Ever since I first saw actors Boun Noppanut and Prem Warut paired together in the BL drama Until We Meet Again, I’ve been anticipating seeing them coupled on-screen again.
As soon as it was revealed that they’d be a part of Studio Wabi Sabi’s 7 Project, a series about seven couples inspired by seven different songs, I’ve been anticipating their episode. Titled Once Upon a Time, Episode 4 introduces Balloon and Mek, two very different young men who come from two very different backgrounds.
Based on the teasers, I went into the fourth episode of 7 Project expecting something different than what was delivered. I expected a raw, gut-punching tale about a closeted young man and the lover who cheats on him.
But, oh, how wrong I was.
While just as raw and gut-punching as I imagined it would be, Once Upon a Time was also so much more than I expected. For a one-episode story, it delivered a compelling message about being part of a gay relationship where one partner is closeted but the other is not. It’s a tricky thing falling in love with someone who doesn’t have the luxury of revealing his/her/their sexuality for one reason or another. Once Upon a Time explored this subject in a delicate, heart-rending way.
Brilliantly portrayed by actor Prem, Balloon is the eldest child in his well-to-do family, his role as the oldest son leaving him with many pressured responsibilities. His parents expect him to set the standard for his siblings, and he doesn’t want to disappoint. This fear of failing is why falling in love with fellow film major, Mek (Boun), isn’t in the cards. However, the human heart doesn’t care about responsibility or supposed societal norms. When the heart loves, it loves.
Mek, unlike Balloon, has no family. Alone in the world, his only responsibility is to himself. Although he isn’t restricted by the same strict standards Balloon has resigned himself to, Mek is understanding of Balloon’s predicament and is open to being part of a secret relationship, even if hiding how he feels hurts him. But things take an unexpected, complicated turn when Balloon’s brother, Ozone, comes out to their father. The reaction isn’t a positive one, leaving Balloon feeling even more pressured to be the perfect son his father expects him to be. This perceived perfection leads Balloon to pull away from Mek, causing the strained secretive wall already existing between them to crumble.
And herein is where I really fell in love.
Once Upon A Time realistically shows that gay relationships where the partners are in different stages of coming out can work if the couple is willing to communicate. But it also shows that it’s okay to be honest with your feelings, even if it means choosing yourself over a relationship. At some point during this drama, I quit caring about the outcome of Once Upon a Time. The ending didn’t matter. It was Mek and Balloon that mattered.
Although the teasers for this episode revealed a scene where Mek potentially cheats on Balloon, the actual scene in Once Upon a Time was much different than presented and much more poignant. I know I’ll probably be scolded by some viewers for this, but I loved that Once Upon a Time did not hold back with the kiss between Mek and Jinny. What happened between these two characters in the bar isn’t about romance; it’s about pain. Pain often finds comfort in pain, especially when a person’s judgment is already impaired by something (such as alcohol). Drinking doesn’t excuse an action, but in Once Upon a Time, Jinny and Mek’s momentary lapse in judgment was surprisingly heartwarming. Full of conflicting thoughts and shared pain, they both sought a type of personal validation. I love that Jinny pushed Mek forward, encouraging him to communicate with Balloon about his feelings. She became a character that helped rather than hindered, a character who recognized a mutual pain and did something to fix it, and I respected her for that.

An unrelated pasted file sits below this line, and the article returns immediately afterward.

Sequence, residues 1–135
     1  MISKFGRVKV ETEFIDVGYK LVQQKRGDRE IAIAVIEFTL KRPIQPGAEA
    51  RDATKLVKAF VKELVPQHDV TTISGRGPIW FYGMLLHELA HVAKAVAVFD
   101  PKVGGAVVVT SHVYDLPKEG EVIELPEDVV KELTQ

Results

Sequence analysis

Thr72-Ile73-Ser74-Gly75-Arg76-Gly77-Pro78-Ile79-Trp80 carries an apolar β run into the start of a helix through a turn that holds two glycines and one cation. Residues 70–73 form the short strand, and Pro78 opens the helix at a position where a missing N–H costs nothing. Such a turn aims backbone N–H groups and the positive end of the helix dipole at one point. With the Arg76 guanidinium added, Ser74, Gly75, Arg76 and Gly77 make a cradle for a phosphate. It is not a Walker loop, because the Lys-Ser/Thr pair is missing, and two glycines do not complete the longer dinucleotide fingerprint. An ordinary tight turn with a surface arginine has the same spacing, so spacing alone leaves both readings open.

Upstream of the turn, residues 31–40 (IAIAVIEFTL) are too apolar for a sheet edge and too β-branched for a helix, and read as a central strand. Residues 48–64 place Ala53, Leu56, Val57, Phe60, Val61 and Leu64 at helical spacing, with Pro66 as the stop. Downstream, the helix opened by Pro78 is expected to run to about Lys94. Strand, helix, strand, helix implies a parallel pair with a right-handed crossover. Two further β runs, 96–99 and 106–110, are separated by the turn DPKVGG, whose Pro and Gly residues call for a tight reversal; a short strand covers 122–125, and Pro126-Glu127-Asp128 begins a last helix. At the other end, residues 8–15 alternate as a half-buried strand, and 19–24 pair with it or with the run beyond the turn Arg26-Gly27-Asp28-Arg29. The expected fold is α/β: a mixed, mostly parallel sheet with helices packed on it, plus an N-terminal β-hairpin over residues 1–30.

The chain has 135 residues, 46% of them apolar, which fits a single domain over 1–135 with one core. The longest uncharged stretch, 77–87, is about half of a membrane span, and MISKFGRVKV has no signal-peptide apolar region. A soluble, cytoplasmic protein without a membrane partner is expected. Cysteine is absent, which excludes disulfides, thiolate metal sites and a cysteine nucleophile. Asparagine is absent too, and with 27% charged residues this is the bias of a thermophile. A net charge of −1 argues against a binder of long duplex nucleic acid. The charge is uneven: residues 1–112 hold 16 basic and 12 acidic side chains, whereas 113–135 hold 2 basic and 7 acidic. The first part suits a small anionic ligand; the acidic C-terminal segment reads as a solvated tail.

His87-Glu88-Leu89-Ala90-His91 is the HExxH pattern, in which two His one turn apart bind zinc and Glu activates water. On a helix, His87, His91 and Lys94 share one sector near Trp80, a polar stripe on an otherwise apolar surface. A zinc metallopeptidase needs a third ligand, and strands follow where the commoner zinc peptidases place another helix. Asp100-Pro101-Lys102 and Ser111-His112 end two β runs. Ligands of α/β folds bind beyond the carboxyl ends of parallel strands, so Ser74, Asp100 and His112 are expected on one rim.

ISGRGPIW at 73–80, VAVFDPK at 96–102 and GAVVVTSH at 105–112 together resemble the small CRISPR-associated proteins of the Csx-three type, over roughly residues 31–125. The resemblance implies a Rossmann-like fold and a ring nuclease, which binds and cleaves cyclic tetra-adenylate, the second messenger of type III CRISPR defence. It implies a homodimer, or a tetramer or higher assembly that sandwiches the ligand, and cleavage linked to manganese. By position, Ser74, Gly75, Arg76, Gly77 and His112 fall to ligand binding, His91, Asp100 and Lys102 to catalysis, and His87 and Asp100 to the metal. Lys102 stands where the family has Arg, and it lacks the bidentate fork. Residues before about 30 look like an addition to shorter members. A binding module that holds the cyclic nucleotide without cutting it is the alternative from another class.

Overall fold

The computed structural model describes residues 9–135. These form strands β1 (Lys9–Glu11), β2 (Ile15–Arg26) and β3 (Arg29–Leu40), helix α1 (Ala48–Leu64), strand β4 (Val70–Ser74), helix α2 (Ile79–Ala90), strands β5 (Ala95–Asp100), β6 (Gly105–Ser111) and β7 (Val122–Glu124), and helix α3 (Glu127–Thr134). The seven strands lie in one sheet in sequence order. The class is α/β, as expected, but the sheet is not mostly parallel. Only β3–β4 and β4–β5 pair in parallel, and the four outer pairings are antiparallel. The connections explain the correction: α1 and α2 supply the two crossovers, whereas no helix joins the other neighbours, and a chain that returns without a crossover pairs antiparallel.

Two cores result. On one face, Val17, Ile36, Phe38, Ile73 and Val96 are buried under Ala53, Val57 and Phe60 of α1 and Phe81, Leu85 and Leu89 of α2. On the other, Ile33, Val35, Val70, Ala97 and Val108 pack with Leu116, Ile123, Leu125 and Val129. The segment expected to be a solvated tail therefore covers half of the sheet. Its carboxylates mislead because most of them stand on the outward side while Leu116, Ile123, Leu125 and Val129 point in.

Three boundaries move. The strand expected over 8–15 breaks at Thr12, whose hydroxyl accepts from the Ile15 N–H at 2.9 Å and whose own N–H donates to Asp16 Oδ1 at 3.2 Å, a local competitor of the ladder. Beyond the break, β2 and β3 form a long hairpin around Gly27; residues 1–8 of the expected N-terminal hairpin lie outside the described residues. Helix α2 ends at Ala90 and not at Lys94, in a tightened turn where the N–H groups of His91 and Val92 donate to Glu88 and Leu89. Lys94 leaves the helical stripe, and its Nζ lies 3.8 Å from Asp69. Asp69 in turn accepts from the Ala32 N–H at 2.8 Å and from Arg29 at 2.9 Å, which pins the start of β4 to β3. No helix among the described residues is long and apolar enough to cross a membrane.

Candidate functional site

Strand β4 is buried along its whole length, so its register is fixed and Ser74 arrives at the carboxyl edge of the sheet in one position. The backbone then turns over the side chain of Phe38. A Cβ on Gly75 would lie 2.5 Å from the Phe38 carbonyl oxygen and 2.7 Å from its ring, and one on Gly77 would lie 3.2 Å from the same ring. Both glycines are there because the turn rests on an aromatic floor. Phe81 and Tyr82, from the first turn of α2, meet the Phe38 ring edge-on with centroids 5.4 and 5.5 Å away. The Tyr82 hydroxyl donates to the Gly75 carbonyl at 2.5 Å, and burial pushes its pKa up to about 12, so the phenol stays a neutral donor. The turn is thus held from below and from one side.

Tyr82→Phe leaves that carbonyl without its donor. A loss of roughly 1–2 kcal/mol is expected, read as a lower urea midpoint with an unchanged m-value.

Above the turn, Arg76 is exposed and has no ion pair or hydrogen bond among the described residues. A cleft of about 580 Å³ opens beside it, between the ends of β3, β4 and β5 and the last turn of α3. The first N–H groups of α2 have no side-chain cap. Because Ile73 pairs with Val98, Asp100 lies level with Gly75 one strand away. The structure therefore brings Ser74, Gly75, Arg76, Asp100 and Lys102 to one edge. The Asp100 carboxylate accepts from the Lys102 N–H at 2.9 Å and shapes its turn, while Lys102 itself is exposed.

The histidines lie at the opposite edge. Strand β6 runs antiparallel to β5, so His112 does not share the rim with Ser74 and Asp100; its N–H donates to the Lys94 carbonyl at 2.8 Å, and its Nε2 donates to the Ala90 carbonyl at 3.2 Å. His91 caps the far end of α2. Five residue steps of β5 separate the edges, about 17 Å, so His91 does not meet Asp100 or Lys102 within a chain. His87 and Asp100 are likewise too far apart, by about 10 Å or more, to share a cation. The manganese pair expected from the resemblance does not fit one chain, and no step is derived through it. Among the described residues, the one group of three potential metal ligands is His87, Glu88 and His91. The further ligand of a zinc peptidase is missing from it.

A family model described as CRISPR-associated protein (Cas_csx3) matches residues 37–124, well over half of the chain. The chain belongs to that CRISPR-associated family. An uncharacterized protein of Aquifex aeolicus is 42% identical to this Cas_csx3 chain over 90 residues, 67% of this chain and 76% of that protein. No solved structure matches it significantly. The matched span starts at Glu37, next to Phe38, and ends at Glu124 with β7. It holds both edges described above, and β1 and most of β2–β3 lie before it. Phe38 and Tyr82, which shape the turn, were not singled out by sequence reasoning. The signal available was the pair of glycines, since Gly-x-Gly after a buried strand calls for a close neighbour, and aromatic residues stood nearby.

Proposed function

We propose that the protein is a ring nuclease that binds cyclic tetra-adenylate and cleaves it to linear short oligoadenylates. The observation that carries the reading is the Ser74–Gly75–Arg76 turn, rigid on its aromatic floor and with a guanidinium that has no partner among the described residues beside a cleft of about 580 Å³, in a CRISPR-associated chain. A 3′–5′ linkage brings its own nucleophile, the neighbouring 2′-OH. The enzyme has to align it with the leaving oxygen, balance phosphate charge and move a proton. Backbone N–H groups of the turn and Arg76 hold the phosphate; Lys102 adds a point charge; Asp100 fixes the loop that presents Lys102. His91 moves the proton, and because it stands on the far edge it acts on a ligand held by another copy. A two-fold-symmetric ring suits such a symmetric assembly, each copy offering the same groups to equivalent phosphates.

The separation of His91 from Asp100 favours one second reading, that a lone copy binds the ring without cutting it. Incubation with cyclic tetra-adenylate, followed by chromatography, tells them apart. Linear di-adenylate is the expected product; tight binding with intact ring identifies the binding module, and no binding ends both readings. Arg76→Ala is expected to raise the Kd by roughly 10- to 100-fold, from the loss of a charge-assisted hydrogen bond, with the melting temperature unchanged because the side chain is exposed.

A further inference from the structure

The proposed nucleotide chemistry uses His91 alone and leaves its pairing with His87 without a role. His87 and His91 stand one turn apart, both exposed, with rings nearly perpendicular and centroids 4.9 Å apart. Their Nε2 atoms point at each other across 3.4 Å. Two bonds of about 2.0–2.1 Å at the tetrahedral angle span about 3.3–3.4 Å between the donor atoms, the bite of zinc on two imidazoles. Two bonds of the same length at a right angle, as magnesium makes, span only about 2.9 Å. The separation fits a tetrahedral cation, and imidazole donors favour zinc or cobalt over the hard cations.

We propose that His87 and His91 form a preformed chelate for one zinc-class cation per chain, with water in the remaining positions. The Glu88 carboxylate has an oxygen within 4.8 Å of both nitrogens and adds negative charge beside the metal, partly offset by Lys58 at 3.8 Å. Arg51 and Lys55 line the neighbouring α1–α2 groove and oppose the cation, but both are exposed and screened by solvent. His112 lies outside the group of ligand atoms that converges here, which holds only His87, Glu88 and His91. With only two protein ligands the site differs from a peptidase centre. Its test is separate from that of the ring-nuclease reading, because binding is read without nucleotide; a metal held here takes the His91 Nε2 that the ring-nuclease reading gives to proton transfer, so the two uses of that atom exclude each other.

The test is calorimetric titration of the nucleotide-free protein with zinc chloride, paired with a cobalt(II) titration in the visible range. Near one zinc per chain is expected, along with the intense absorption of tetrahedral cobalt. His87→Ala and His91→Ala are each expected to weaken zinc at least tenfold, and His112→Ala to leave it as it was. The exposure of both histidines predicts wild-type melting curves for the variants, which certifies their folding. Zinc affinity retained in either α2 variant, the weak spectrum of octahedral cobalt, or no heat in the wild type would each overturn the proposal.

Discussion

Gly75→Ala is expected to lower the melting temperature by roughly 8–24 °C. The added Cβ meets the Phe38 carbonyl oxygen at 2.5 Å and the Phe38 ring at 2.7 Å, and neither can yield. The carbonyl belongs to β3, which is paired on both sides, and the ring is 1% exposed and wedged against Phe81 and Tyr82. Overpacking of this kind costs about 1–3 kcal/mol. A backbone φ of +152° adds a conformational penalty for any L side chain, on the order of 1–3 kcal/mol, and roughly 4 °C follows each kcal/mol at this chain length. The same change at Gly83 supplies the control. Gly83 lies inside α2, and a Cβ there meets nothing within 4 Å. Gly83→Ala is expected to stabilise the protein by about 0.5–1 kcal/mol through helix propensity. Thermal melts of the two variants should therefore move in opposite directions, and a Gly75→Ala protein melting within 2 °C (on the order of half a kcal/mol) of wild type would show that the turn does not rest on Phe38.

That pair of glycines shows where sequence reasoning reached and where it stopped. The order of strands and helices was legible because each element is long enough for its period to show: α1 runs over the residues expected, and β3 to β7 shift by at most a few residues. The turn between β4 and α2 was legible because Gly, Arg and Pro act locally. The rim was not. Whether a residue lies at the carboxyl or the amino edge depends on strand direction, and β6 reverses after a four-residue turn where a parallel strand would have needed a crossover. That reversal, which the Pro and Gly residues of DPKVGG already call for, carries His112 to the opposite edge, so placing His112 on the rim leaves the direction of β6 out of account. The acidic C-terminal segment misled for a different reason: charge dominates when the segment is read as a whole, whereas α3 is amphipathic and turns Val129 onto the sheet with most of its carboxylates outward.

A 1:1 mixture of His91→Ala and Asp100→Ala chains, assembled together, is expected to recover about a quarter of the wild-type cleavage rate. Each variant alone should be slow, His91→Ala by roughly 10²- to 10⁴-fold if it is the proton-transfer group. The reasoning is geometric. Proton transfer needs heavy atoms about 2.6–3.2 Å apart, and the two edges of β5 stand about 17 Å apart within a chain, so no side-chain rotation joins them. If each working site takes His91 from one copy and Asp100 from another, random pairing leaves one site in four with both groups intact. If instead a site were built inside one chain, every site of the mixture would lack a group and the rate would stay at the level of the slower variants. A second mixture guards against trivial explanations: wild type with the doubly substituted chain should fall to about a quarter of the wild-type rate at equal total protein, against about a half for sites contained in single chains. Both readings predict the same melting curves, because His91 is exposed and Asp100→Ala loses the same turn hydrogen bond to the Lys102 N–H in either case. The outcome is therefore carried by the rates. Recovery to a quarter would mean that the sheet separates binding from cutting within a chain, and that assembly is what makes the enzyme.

The same goes for Mek. What surprised me the most in Once Upon a Time was the realization that Mek walked away from Balloon, not because he couldn’t handle being in a secret relationship with a closeted partner, but because he felt he was the ultimate cause of Balloon’s pain. In a heartbreaking flashback, the viewers discover that Mek is privy to an emotional moment between Balloon and his brother where Balloon reveals the pain and inner turmoil he is experiencing. Broken by what he’s seen, Mek chooses to break free from Balloon, not for himself, but for the man he loves.
My heart broke.
Once Upon a Time conveyed a truly selfless romance between two men who wanted to protect each other, two men who misunderstood each other’s inner desires as much as they understood the love they shared. In the end, after a face-to-face meeting outside a taxi and an end credit roll that left me ready to weep, a final scene suddenly pops onto the screen. In it, Balloon and Mek are a happy couple in a shared room. It’s uncertain whether or not Balloon is still closeted, and at that moment, it doesn’t matter. Because the ultimate message here is that it isn’t selfish to love someone, that it’s okay to be weak sometimes, and that honesty and communication goes a long way in a relationship.
Although I wish the 7 Project, especially Once Upon a Time, was much more than an episode long, I’ve been continually impressed by the messages each story is trying to convey. The short format leaves a little to be desired, but the stories themselves are well constructed.
I’m not going to forget Balloon and Mek anytime soon. Boun and Prem’s portrayal and how they connect on-screen never disappoints. Their performance also builds anticipation for their upcoming series Between Us, and I, for one, certainly can’t wait.
Rating- 4 out of 5